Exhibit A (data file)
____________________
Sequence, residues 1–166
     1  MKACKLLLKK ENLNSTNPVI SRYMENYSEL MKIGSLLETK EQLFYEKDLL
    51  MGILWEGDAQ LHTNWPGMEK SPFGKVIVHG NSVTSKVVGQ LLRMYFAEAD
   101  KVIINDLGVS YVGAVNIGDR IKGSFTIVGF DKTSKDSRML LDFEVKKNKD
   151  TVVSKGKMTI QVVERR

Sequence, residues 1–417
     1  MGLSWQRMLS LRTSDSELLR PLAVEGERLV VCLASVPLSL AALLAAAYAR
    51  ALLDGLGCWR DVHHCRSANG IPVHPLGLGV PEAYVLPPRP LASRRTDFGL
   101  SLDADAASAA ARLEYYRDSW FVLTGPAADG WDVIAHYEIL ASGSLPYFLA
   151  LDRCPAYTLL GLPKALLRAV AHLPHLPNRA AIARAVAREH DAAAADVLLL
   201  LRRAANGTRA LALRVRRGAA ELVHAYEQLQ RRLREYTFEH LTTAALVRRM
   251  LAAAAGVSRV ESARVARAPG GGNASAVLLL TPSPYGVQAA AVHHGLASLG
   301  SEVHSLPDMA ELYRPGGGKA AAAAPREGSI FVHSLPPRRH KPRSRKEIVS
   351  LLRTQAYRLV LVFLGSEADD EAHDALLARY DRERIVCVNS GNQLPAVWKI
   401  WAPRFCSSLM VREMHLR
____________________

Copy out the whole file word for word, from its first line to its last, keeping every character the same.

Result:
Sequence, residues 1–166
     1  MKACKLLLKK ENLNSTNPVI SRYMENYSEL MKIGSLLETK EQLFYEKDLL
    51  MGILWEGDAQ LHTNWPGMEK SPFGKVIVHG NSVTSKVVGQ LLRMYFAEAD
   101  KVIINDLGVS YVGAVNIGDR IKGSFTIVGF DKTSKDSRML LDFEVKKNKD
   151  TVVSKGKMTI QVVERR

Sequence, residues 1–417
     1  MGLSWQRMLS LRTSDSELLR PLAVEGERLV VCLASVPLSL AALLAAAYAR
    51  ALLDGLGCWR DVHHCRSANG IPVHPLGLGV PEAYVLPPRP LASRRTDFGL
   101  SLDADAASAA ARLEYYRDSW FVLTGPAADG WDVIAHYEIL ASGSLPYFLA
   151  LDRCPAYTLL GLPKALLRAV AHLPHLPNRA AIARAVAREH DAAAADVLLL
   201  LRRAANGTRA LALRVRRGAA ELVHAYEQLQ RRLREYTFEH LTTAALVRRM
   251  LAAAAGVSRV ESARVARAPG GGNASAVLLL TPSPYGVQAA AVHHGLASLG
   301  SEVHSLPDMA ELYRPGGGKA AAAAPREGSI FVHSLPPRRH KPRSRKEIVS
   351  LLRTQAYRLV LVFLGSEADD EAHDALLARY DRERIVCVNS GNQLPAVWKI
   401  WAPRFCSSLM VREMHLR